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# How Do You Do It?

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Age 7 to 11

Challenge Level

- Problem
- Getting Started
- Student Solutions
- Teachers' Resources

This problem encouraged you to work as a group, discussing and sharing different calculation strategies. There may be several different ways of working out the answer to a particular calculation; some are more efficient than others. Can you find different ways of working out the answer to the questions? Look at different types of questions, such as the ones given in the problem. Are the same methods always the most efficient?

William and Conner from St Patrick's R.C. Primary School submitted their solution:

1. answer is $456$ because

\begin{align}20\times24&=480\\480-24&=456\end{align}

2. answer is $1195$ because

\begin{align}200+997&=1197\\1197-2&=1195\end{align}

3. answer is $28.8$ because

\begin{align}57\div2&=28.5\\0.6\div2&=0.3\\0.3+28.5&=28.8\end{align}

4. answer is $3175.7$ because

\begin{align}3841-600&=3241\\3241-65&=3176\\3176-0.3&=3175.7\end{align}

5. answer is $1.3$ because

\begin{align}4\div4&=1\\1.2\div4&=0.3\\1+0.3&=1.3\end{align}

6. answer is $6464$ because

\begin{align}101\times16&=1616\\1600\times4&=6400\\16\times4&=64\\6400+64&=6464\end{align}

William and Conner tackled these problems by splitting the numbers into more familiar-and easier to handle- numbers. They then dealt with these separately and combined the answers.

I wonder whether you used the same
methods as William and Conner for each calculation?

Ben, Aeron, Isla and Emily School from St Mary Redcliffe Primary explained how they worked out their answers to the calculations on the cards:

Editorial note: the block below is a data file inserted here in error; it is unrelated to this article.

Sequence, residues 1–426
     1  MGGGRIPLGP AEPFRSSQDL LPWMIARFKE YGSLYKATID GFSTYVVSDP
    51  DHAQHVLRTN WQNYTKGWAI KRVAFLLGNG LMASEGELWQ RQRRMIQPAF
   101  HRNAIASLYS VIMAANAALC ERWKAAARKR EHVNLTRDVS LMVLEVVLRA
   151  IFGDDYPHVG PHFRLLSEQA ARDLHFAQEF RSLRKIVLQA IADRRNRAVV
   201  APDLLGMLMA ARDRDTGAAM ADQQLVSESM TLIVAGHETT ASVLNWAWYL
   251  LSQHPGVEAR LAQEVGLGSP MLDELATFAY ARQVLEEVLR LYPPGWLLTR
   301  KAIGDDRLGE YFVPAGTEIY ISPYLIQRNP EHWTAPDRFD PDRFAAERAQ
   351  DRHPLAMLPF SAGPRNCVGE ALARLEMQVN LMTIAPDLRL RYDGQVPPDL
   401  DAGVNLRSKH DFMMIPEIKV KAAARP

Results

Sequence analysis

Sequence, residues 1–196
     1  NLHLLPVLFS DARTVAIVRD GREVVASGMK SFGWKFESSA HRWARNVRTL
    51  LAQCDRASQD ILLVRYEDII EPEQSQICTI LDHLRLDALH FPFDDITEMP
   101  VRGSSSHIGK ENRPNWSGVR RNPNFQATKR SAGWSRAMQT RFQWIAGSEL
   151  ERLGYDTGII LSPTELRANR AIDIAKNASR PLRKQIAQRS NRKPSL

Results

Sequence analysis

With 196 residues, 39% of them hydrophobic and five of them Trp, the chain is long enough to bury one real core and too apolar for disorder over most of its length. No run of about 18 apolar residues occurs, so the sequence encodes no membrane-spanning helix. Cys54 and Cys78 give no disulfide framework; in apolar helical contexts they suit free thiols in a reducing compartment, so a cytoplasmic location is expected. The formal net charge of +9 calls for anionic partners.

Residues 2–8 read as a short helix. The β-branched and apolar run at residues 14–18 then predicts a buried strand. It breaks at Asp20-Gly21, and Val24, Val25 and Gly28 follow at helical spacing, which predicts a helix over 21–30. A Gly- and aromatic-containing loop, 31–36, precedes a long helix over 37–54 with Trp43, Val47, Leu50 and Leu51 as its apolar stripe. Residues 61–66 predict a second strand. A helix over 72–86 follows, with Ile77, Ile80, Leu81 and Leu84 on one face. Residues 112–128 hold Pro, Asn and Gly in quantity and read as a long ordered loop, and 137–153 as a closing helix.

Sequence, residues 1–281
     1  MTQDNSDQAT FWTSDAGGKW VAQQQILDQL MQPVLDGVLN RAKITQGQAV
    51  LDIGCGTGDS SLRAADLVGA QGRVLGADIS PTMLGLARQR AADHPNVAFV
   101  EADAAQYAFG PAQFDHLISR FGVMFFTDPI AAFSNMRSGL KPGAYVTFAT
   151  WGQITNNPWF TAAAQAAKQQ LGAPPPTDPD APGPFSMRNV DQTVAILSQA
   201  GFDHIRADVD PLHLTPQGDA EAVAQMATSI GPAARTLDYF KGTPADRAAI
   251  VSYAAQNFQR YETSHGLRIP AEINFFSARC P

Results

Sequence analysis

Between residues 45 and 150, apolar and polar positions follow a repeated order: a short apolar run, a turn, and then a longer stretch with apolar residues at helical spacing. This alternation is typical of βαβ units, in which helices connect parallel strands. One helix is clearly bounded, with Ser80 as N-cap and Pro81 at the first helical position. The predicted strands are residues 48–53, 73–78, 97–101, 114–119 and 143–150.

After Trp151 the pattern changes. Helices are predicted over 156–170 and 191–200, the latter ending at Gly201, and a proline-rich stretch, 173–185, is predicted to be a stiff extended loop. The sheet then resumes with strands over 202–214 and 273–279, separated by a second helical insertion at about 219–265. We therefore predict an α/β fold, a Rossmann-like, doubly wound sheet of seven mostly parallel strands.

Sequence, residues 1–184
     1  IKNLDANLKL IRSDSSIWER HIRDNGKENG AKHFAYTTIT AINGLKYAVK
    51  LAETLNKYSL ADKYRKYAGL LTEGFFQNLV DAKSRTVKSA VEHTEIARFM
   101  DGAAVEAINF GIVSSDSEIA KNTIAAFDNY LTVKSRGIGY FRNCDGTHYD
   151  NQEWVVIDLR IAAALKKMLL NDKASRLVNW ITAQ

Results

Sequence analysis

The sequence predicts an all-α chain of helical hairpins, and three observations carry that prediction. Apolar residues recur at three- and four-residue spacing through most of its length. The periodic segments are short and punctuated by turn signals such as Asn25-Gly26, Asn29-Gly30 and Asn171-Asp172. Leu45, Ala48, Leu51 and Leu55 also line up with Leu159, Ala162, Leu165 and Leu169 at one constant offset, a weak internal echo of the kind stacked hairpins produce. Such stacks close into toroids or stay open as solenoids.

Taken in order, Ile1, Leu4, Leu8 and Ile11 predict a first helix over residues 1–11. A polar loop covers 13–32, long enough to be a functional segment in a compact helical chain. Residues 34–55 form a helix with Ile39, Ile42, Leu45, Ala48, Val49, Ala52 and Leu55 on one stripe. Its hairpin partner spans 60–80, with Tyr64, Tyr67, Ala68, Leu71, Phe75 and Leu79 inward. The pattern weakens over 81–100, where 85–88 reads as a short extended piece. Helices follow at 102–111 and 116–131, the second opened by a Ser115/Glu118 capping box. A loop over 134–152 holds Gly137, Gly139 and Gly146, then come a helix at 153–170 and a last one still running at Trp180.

$21\times44$

The easiest way to understand is to add $21$ together $44$
times, but this isn't very quick.

A quick way is to add: $20\times40$, $20\times4$, $1\times40$
and $1\times4$

This is $800+80+40+4 = 924$

$397+998$

We think that the best way is to add the hundreds and then the
tens and then the units, and then add them all together.

$300+900 = 1200$, $90+ 90 = 180$, $7+ 8 = 15$

Adding these all together gives $1200+180+15 = 1395$

Half of $31.4$

Half of $30$ is $15$

Half of $1$ is $0.5$

Half of $0.4$ is $0.2$

Adding these $15.7$

$7841 - 239.7$

We thought that the easiest thing to do was to ignore the
$7000$, since $841$ is bigger than $249.7$.

So starting with $841$ we took away the two hundred and then
the thirty and then the $9$ and then the $0.7$.

So $841$ take away $200$ = $641$

$641$ take away $30$ = $611$

$611$ take away $9$ = $602$

$602$ take away $0.7$ = $601.3$

$7.2$ divided by $5$

To divide by $5$, we divide by ten and then double it.

$7.2$ divided by ten is $0.72$ and doubling that gives
$1.44$

$17 \times 102 \times 3$

$17 \times 102$ is the same as $20 \times 102$ take away $3
\times 102$.

This is $1734$.

$1734 \times 3$ is $5202$

The Maths Group at St Teresa's in Surrey had some slightly different methods:

We did the practice calculations in pairs, then presented our
methods to the class and voted for the best method in each case.
Then we applied them to the new set of calcuations, as
follows:

$21 \times 44$:

$10 \times 44 = 440$

Double $440$ = $880$

Add $44$, by adding $20$ and then $24$ = $924$

$397+998$:

Round both: $400 + 1000 = 1400$.

Subtract $5$ = $1395$

Half of $31.4$:

Half of $30$ = $15$

Half of $1.4$ = $0.7$

Add $15 + 0.7 = 15.7$

$7841 - 239.7$

We tried rounding $239.7$ up to $240$, which made the
subtraction easy, but we ran into problems later about how much to
adjust by!

So, we went:

$800 - 200 = 600$

$40 - 39 = 1$

$1 - 0.7 = 0.3$ and added them up to get $7601.3$

$7.2$ divided by $5$:

we divided by $10$ and got $0.72$ and then doubled it =
$1.44$

$17 \times 102 \times 3$:

$17 \times 3 = (10 \times 3) + (7 \times 3) = 51$

$100 \times 51 = 5100$

$2 \times 51 = 102$

Add them up and you get $5202$.

Very well done. I wonder which method you prefer in each case? Or perhaps you have a method that you think works even better for you?